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Nissan also facing charges over Ghosn

Pedestrians walk past a Nissan showroom in Tokyo. (AP Photo)

TOKYO: Japanese prosecutors plan to indict Nissan Motor Co on Monday following the arrest of its former chairman Carlos Ghosn who allegedly understated his compensation in the automaker’s financial reports, investigative sources said Friday.

The prosecutors believe the company should also be held liable, given that the alleged misconduct by Ghosn continued for a protracted period. Ghosn and his close aide Greg Kelly, who was arrested along with the former chairman last month, are also expected to be indicted.

The two were arrested on Nov 19 on suspicion of violating the Financial Instruments and Exchange Act, for reporting only 5 billion yen ($44 million) of Ghosn’s 10-billion-yen remuneration during the five years from fiscal 2010.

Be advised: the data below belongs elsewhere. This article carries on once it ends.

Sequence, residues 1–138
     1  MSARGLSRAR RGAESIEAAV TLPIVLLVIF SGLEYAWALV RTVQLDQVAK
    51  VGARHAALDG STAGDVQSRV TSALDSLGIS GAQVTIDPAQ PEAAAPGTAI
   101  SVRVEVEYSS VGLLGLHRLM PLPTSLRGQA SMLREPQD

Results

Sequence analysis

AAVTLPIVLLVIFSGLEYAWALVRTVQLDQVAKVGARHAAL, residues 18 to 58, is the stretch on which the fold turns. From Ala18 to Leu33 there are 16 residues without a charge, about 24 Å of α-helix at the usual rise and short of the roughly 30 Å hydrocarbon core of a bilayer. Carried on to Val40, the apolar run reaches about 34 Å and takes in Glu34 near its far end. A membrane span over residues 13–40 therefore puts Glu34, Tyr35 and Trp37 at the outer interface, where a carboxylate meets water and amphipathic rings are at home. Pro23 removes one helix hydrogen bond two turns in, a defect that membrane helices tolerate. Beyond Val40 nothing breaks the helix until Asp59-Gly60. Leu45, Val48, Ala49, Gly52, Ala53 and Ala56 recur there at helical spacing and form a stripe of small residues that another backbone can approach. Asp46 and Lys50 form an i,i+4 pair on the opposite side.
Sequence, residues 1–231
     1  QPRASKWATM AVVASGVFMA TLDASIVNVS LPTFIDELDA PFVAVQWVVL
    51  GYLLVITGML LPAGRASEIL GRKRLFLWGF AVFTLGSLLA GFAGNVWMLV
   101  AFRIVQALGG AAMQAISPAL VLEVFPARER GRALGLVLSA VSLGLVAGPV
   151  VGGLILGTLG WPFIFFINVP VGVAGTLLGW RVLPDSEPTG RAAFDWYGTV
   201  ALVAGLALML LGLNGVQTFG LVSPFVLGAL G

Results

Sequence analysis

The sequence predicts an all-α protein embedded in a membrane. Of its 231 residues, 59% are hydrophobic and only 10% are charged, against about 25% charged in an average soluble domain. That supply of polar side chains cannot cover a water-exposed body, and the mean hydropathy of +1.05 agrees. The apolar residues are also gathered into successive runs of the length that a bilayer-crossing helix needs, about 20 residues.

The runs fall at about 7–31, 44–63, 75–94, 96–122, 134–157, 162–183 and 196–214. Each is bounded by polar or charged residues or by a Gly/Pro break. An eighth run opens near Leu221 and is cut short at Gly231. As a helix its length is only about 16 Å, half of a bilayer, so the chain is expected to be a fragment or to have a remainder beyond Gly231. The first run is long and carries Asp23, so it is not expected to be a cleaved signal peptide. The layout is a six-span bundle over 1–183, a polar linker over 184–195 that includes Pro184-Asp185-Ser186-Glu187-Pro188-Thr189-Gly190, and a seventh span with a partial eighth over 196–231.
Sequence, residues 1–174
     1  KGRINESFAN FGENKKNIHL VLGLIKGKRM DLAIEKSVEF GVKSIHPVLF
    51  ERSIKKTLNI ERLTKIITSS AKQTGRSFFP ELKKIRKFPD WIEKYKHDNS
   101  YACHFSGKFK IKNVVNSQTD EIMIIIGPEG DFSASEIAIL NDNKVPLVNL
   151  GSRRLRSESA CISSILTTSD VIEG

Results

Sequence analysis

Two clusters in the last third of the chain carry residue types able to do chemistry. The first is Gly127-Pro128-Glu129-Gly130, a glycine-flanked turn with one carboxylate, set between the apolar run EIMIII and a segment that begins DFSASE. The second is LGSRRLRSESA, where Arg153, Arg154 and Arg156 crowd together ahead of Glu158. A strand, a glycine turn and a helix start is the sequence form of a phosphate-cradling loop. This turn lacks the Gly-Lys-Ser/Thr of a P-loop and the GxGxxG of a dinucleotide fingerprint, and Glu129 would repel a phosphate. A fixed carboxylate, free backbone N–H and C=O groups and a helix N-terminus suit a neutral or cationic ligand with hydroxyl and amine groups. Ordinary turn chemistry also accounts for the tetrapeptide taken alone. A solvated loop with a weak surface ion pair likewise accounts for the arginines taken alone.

The prosecutors are also expected to serve a fresh arrest warrant on Ghosn for allegedly failing to state a part of his remuneration worth 4 billion yen for three years through this March.

According to sources familiar with the matter, Ghosn has asserted the deferred payments were not fixed and therefore did not have to be included in the financial securities reports. The unreported remuneration was supposed to be paid after his retirement.

An ordinance linked to the financial exchange law says remuneration needs to be disclosed in a securities report when the actual sum of the payment becomes clear, even if the actual payout is planned in the future.

Because the alleged misconduct continued for a long period, Nissan will be charged with breaking the same law under a “dual liability” clause, the sources said. The automaker faces a fine of up to 700 million yen.

Nissan has removed Ghosn, 64, from the post of chairman, with an in-house probe finding he had conducted “serious misconduct” including using company assets for personal purposes. The company also accused Kelly, a 62-year-old former Nissan representative director, of “deep involvement” in the misconduct.

The automaker is considering making public part of the findings of the probe, which it said was triggered by a whistleblower report and carried out over several months, sources with knowledge of the company’s plans said.

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